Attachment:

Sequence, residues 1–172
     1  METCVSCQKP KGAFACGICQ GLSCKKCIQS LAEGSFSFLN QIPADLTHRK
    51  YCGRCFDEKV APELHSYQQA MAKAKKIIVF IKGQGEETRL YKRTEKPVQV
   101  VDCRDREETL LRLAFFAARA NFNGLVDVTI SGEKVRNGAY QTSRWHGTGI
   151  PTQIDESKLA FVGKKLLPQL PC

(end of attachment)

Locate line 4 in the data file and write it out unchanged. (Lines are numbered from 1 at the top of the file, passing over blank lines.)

   101  VDCRDREETL LRLAFFAARA NFNGLVDVTI SGEKVRNGAY QTSRWHGTGI